This spatio-temporal complexity of intracellular networks and how the cell decodes them for decision-making (to multiply or differentiate itself for example) has given rise to an exploratory initiative developed by Romain Yvinec, COMPARTIMENTAGE. The goal is to “develop formalisms adapted to the modelling of highly dynamic intracellular compartments, which influence cascades of biochemical reactions caused by extracellular signals.”

And that is the genius of the MUSCA project team. Knowing how to create formalisms, carrying out a strictly mathematical study of models, understanding how to digitally manipulate them, being capable of estimating the parameters of mathematical models to apply them to biological information... Less specialised than other teams, “MUSCA is above all a modelling methodology team”, according to Béatrice Laroche. Its strength comes from its ability to create new mathematical tools, in a context that is currently not able to handle the complex problems raised by physiological processes.

Reproduction as the preferred theme

One of the team’s main subjects of study is the reproductive system. It was actually the subject of Frédérique Clément’s thesis, in the late 1990s: “it is important to remember that all of biology is in reproduction,” she emphasizes. “Depending on the function observed, you might be using molecular biology, physiology, neurobiology... It’s an extremely vast field.” This range of disciplines is also found in the REPRO research group, of which Frédérique Clément and Romain Yvinec are active members.

Illustration de la croissance des ovocytes
© Musca
Illustration of oocyte growth

Part of the team’s work includes a focus area aiming to explain the evolution of the population of female gametes (oocytes), from the embryonic phase to menopause. As non-invasive clinical imaging does not provide much information on this topic, the study of animal models (mice, fish, and goats for example) has made it possible to overcome the difficulties in obtaining quantitative information on gamete numbers. This area is based on mathematical models of population dynamics, which make it possible to track the decrease in the initial stock of ovarian follicles and the distribution of follicles according to stages of maturity, until ovulation. Understanding these dynamics could help to preserve reproductive capital and extend the duration of reproductive life, important challenges for our modern Western societies. This was the motivation behind the OVOPAUSE project, selected by the French National Research Agency (ANR).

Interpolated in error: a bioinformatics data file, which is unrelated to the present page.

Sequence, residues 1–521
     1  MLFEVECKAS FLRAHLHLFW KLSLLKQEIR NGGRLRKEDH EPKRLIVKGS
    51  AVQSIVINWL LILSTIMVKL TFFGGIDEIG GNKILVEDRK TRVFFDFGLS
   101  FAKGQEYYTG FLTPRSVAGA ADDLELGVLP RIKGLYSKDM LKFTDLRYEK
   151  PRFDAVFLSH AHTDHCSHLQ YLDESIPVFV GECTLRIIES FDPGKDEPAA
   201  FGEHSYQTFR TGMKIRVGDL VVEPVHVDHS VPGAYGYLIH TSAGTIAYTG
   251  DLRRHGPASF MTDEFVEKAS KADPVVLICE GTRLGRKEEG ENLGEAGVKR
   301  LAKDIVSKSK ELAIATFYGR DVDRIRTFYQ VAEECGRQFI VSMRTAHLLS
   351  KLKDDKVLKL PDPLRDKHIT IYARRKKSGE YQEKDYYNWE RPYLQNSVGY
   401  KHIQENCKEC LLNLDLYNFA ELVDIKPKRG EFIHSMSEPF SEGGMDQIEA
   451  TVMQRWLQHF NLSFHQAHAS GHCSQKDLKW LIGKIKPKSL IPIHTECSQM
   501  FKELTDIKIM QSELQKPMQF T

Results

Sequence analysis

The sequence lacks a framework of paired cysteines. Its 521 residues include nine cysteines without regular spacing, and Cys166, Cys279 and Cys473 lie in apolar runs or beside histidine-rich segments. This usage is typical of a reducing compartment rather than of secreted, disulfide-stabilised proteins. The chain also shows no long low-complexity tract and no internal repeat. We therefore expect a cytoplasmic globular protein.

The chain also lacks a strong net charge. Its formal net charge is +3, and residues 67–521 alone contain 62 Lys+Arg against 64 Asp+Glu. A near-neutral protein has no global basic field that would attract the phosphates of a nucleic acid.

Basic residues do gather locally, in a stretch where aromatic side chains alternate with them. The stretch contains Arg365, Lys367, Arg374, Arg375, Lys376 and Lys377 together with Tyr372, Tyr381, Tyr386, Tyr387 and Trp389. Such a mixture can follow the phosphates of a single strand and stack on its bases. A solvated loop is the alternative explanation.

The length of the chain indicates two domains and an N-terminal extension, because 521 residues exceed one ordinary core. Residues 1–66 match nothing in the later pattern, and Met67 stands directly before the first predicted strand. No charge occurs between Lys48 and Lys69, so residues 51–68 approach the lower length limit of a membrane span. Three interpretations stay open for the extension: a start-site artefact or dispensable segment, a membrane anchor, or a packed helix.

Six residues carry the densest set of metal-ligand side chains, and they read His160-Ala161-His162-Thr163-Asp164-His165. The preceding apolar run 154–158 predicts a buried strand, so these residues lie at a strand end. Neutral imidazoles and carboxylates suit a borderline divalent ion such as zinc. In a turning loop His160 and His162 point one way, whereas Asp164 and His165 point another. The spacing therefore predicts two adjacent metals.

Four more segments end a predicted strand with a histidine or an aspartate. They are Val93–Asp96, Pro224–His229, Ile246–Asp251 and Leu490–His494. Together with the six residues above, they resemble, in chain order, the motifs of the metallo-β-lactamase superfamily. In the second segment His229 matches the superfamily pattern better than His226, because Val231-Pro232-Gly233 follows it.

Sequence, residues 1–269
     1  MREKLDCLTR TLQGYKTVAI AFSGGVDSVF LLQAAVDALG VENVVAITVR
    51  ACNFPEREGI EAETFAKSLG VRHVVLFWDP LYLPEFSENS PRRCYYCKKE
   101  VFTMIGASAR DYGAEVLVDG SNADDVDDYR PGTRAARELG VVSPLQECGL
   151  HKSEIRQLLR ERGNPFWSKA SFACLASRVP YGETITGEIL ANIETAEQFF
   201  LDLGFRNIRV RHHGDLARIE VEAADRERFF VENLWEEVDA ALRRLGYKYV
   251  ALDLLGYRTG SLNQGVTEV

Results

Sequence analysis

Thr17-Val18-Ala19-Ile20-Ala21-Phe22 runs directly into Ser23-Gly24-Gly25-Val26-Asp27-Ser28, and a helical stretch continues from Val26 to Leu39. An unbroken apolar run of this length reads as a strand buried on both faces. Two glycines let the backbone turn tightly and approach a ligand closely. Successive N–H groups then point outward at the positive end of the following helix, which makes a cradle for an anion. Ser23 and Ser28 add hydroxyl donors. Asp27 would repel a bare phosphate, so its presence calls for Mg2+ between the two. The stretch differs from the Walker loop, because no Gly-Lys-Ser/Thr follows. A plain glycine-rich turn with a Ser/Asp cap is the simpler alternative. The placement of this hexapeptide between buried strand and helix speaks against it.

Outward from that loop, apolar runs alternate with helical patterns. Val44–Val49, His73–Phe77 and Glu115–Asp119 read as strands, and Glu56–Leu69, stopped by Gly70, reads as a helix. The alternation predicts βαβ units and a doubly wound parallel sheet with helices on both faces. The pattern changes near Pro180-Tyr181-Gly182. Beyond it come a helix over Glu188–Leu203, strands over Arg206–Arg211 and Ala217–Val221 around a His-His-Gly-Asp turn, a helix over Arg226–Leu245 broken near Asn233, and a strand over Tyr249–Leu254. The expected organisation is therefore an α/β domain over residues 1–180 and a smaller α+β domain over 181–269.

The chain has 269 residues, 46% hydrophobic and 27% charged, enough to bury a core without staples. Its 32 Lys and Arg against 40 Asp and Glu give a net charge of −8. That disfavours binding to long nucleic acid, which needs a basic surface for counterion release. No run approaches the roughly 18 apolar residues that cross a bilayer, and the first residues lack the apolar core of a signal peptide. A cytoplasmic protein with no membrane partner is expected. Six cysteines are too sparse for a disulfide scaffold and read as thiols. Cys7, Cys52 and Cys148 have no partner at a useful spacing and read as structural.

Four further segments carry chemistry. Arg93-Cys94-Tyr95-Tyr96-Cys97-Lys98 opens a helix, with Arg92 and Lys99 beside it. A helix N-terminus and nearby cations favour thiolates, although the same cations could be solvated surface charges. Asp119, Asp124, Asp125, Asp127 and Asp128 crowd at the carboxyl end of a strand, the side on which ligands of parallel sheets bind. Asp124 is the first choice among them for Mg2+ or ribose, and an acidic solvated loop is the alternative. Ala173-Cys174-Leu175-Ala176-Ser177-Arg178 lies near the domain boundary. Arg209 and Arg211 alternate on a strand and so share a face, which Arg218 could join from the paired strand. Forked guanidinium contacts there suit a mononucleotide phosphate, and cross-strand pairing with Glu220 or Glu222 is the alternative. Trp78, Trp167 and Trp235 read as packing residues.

Did you know?

  • In mammals, the entire follicle population is created in the perinatal period and will decrease throughout life, while in other zoological categories, it can be replenished (which is the case for certain species of fish, for example).
  • In humans, an ovarian follicle has only a 1 in 1,000 chance of reaching ovulation; the other follicles deteriorate and disappear during maturation, but still contribute to hormonal dialogue controlling the ovarian function.
  • Follicle development is marked by processes of cellular proliferation and intense vascularisation that are also found in tumour growth, but in this case, are perfectly controlled.

A few of Frédérique Clément’s key dates and publications

1995: completes studies as a veterinary doctor from the National Veterinary School of Alfort

1997: PhD in Biomathematics at Université Paris 7

1999: recruited to Inria SOSSO project team

2005: habilitation thesis (HDR) in Mathematics and Interactions at Université Paris 6

2002-2006: coordinator of the REGLO (REGuLation of Ovulation) concerted incentive project (ACI) and the subsequent collaborative research project (ARC)

2009-2013: head of the REGATE (REgulation of the GonAdoTropE axis) project

2013-2017: head of the MYCENAE project team at Inria

2020-present: head of the MUSCA joint project team between Inria, INRAE, and CNRS


Here are some of her articles on the reproductive system: